I’m at a complete loss. Not three hours ago, five of the most patriotic men I have ever had the pleasure to meet sat in these very seats anxiously waiting for their time to remove a tyrant’s grasp from the Serbian throat. Miško nervously paced the room with a grin from ear to ear, constantly looking to his worn pocket watch awaiting the moment to act. He could take no more than four steps in the cramped shop before he would stop, check his watch, turn and repeat his circuit. A few lamps broke through the smoke revealing dingy maroon wallpaper with paintings of scenic landscapes periodically placed along the walls. Nedeljko sat in the corner smoking so heavily that I could barely see his face through the fog he exhaled. The sunlight dancing in the tendrils with every breath made him look like a dragon crouched inside his cavern watching his unwitting prey. Some morbid voyeuristic pleasure gleamed in his eye when the smoke would part for the briefest of views. He was looking at nothing, at least nothing we could see. His meditation was only interrupted occasionally with a short cough into a blood stained cloth. Muhamed and Trifko sat at a worn table next to me speaking of revolution and Serbian nationalism in hushed voices. Danilo was flirting with some girls across the narrow dark room. I could hear his voice as he laughed and joked, but couldn’t make out the stories. It wasn’t important. Today destiny would come for one or all of us in the form of cyanide capsules in our pockets or a hangman’s noose. But it would mean the final steps for a free and independent Bosnia and Herzegovina.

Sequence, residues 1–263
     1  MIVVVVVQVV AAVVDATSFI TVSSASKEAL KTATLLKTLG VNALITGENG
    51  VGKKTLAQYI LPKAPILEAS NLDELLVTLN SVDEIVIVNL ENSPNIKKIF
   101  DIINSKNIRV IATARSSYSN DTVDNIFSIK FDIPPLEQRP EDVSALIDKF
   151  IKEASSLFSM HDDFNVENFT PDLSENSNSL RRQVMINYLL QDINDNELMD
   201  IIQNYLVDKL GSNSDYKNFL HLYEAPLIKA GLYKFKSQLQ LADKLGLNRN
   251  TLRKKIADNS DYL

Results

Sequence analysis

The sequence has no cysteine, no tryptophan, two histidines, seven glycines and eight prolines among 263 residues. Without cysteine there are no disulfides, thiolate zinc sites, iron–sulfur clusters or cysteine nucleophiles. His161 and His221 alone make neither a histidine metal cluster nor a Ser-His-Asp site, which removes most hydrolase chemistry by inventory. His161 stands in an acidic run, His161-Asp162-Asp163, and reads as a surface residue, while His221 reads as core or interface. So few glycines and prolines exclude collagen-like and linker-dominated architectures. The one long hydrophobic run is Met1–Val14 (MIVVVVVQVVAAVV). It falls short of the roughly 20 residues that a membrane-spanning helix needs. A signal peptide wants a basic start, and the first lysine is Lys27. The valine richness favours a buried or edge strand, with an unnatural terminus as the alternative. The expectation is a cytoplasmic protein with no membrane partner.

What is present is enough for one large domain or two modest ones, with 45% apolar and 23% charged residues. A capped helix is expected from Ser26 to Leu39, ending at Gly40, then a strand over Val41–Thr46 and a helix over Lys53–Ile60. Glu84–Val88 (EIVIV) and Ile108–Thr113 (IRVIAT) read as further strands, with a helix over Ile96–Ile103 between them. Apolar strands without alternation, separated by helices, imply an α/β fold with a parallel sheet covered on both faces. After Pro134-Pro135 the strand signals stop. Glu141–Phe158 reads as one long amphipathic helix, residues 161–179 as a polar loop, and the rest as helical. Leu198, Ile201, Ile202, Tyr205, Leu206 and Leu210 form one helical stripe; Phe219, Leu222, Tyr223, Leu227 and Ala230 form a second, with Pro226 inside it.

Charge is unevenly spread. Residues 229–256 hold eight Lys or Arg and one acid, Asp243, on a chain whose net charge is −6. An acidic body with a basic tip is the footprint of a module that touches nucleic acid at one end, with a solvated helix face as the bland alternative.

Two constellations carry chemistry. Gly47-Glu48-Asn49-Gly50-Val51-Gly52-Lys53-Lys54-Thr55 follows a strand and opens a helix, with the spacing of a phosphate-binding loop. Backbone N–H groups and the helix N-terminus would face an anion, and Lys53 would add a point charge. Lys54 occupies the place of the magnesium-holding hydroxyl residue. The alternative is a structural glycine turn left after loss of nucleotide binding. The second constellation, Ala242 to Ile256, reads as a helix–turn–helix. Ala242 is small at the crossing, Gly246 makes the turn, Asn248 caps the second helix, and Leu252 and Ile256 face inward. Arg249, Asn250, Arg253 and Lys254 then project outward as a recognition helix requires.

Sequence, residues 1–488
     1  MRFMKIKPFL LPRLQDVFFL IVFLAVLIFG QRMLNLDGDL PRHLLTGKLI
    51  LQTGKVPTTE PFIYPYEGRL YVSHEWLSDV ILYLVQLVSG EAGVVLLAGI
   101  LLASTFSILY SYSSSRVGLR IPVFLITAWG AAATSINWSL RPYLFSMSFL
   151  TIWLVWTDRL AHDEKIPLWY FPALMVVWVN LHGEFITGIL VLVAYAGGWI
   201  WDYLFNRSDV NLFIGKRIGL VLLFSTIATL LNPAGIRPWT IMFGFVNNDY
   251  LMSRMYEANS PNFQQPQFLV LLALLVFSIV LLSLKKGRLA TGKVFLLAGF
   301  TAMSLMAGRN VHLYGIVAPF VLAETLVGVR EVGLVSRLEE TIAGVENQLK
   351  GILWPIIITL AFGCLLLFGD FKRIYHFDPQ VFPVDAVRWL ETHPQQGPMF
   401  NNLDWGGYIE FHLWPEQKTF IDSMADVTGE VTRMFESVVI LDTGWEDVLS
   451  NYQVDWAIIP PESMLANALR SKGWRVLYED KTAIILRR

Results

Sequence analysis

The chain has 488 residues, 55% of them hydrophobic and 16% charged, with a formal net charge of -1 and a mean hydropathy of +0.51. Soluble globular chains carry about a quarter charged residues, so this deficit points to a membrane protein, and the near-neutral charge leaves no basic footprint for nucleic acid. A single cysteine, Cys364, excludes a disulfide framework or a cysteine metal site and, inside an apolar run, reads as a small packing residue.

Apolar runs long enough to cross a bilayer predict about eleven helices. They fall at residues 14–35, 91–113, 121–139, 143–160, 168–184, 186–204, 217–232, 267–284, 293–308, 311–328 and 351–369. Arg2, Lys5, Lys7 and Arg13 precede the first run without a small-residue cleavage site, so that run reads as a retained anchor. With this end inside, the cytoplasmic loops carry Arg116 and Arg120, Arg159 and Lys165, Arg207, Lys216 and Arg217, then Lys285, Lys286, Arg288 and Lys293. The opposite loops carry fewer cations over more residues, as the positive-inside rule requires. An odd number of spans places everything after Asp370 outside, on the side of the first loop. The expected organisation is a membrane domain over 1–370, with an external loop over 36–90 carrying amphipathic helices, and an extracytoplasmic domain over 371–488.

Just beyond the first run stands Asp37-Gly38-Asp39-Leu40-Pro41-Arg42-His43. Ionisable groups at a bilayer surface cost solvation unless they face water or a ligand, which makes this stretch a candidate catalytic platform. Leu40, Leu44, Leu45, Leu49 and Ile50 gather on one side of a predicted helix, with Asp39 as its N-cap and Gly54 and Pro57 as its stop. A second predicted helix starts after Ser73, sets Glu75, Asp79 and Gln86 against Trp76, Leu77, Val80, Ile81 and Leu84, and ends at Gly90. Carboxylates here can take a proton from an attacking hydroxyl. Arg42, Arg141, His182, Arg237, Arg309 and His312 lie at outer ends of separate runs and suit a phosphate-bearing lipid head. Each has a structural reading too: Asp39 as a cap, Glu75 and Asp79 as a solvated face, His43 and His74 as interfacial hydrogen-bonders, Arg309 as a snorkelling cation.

Off in the distance it came the first of nine chimes from the church bell. Everyone but Danilo’s eyes rose to the window in understanding. It is time. How quiet it was. Though the patrons on the other side of the shop continued to talk, laugh, and eat, all we heard was that bell chime, Slow and menacing. One, two. My chest began to tighten and fight for breath. Three, four. I could, for the first time, feel the weight of the pistol I had been given pulling down my coat pocket. Five, six. I found myself playing with the capsule in my pocket. Seven, eight… and then an eternity of nothing. Waiting and waiting. Nine. As one, all stood and moved to the door. Trifko shouting to Danilo to get moving or you’re going to miss history.
As soon as we were out the door we split up down the narrow streets to the parade grounds. People already lined the main route in which the procession would pass. Muhamed would have the first chance to throw his grenade. Next in line was Nedeljko also with a bomb. I could see the top of his head as he stood along the river bank. If both of them missed their opportunity it fell to me to shoot the heir to the throne of the Austro-Hungarian Empire. I don’t know who came after me, but Trifko, Miško, and Danilo all mixed into the crowd past my position to insure that someone would have a clean shot at Ferdinand.